I often hear words from people who try to explain these disasters and the thought occurs to me is that we are so cavalier with our words. "Why do we say things like this without knowing if the other person is grieving for a loss?" I thought. We glibly shake our heads and say, "God is punishing us," while the other person is pierced through with our thoughtless words.
I remember something Jesus said in reference to tragedies that have long since been forgotten, but were very fresh on the minds of people hearing his words, "Do you think those people (killed by Pilate) were more guilty than anyone else? I tell you no, but unless you repent you will perish. Or do you think those 18 people who were killed (by the collapsing tower) were more guilty than anyone else? I tell you no, but unless you repent, you will perish." Luke 13:1-5
Jesus also told us the rain falls on the just as well as the unjust. How can we claim to know that these disasters are heralding the apocalypse or that the Lord God is punishing us when these things have been happening in various degrees since before Jesus came to earth as a man? On the other hand, I know by reading the Old Testament, the Lord told Israel that if they weren’t obedient to Him, bad things would happen.
If I put myself in the shoes of those who have lost loved ones, I don’t know if I’d be as righteous as Job was when he got the news all of his children had been killed at the same time. In grief he tore his clothes, but still spoke words of faith in his pain, "the Lord gives and the Lord takes away. Blessed be the name of the Lord." Its one thing to lose all possessions, but to lose all the kids all at the same time too? And when we read Job, we see that his friends were voicing the same declarations as we hear so often today. God condemned Job’s friends, while declaring Job righteous, even though he had to chastise Job a little.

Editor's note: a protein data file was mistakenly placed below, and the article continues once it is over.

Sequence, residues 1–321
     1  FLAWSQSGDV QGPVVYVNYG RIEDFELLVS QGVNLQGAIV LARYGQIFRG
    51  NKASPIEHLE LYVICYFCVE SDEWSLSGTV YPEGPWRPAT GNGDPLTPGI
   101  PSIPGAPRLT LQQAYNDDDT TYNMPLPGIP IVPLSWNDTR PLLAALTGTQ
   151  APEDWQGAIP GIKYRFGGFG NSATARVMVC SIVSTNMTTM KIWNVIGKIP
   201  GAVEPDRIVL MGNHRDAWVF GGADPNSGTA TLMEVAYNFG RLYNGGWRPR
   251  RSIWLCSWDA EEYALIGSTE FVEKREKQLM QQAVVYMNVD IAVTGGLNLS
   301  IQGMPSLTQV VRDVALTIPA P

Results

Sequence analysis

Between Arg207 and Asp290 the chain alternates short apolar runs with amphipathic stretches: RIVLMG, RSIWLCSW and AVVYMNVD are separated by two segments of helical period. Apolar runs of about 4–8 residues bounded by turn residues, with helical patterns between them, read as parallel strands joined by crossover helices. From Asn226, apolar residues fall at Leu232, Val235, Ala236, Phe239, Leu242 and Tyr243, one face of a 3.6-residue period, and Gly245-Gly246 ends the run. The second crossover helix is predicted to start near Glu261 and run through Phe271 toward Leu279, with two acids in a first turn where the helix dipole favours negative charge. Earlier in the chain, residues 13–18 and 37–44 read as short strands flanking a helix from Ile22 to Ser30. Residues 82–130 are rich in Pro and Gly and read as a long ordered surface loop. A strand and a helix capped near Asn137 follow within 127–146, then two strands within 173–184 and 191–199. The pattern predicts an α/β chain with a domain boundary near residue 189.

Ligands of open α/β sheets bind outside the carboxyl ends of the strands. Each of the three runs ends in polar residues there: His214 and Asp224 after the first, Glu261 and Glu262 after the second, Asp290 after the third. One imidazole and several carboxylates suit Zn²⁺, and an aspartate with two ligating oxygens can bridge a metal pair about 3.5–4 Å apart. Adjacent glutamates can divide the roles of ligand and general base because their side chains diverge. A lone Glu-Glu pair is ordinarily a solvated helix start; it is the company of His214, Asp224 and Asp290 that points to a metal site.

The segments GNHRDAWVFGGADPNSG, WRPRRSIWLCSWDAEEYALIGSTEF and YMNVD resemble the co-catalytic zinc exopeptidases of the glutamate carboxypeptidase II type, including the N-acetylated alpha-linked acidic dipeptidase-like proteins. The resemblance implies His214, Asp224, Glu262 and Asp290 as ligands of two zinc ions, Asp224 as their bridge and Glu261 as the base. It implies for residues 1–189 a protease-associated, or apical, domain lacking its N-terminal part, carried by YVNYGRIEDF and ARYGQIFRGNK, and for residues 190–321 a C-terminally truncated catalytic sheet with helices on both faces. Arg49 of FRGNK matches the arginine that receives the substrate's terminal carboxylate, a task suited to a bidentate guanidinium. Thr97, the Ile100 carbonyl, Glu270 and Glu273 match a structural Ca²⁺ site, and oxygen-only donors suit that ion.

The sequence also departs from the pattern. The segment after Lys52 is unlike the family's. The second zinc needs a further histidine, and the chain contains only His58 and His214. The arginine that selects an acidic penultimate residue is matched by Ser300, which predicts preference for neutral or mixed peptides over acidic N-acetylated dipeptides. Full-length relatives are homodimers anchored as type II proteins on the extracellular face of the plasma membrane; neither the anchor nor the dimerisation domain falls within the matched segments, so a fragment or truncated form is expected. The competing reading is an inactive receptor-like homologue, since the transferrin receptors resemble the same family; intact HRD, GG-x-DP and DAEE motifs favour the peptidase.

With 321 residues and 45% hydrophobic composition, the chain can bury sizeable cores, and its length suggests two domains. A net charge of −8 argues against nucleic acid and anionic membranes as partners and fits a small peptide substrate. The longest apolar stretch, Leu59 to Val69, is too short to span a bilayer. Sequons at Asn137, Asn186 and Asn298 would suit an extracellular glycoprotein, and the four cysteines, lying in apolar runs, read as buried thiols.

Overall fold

My point is that we who are human cannot claim to know why things happen. Our job is to exemplify God’s love and care for others, to draw people to his love. It seems to me that when we castigate others, we are examples of the Pharisees Jesus condemned rather than Jesus himself.
We can’t know the mind of God. Isaiah wrote, “‘For my thoughts are not your thoughts, neither are your ways my ways,’ declares the Lord, ‘As the heavens are higher than the earth, so are my ways higher than your ways and my thoughts than your thoughts,’” (Isaiah 55:8-9)
When it comes down to it, perhaps we are the guilty ones: guilty of misrepresenting God with our presumptuous, harmful words. I guess it would do well to listen again to the chapter we often call the Love Chapter, 1 Corinthians 13:
If I speak with the tongues of men and of angels, but have not love, I am become a sounding brass, or a clanging cymbal.
And if I have the gift of prophecy, and know all mysteries and all knowledge, and if I have all faith so as to remove mountains, but have not love, I am nothing.
And if I bestow all my goods to feed the poor, and if I give my body to be burned, but have not love, it profits me nothing.
Love is patient and kind. love is not jealous or boastful or proud or rude. It does not demand its own way. It is not irritable, and it keeps no record of being wronged. It does not rejoice about injustice but rejoices whenever the Truth wins out.
Love never gives up, never losses faith, is always hopeful and endures through every circumstance.
Prophecy and speaking in unknown languages and special knowledge will become useless. But love will last forever!
Now our knowledge is partial and incomplete, and even the gift of prophecy reveals only part of the whole picture!
But when the time of perfection comes, these partial things will become useless.
When I was a child, I spoke and thought and reasoned as a child. But when I grew up, I put away childish things.
Now we see things imperfectly, like puzzling reflections in a mirror, but then we will see everything with perfect clarity.
All that I know now is partial and incomplete, but then I will know everything completely, just as God now knows me completely.
Three things will last forever - faith, hope, and love - and the greatest of these is love."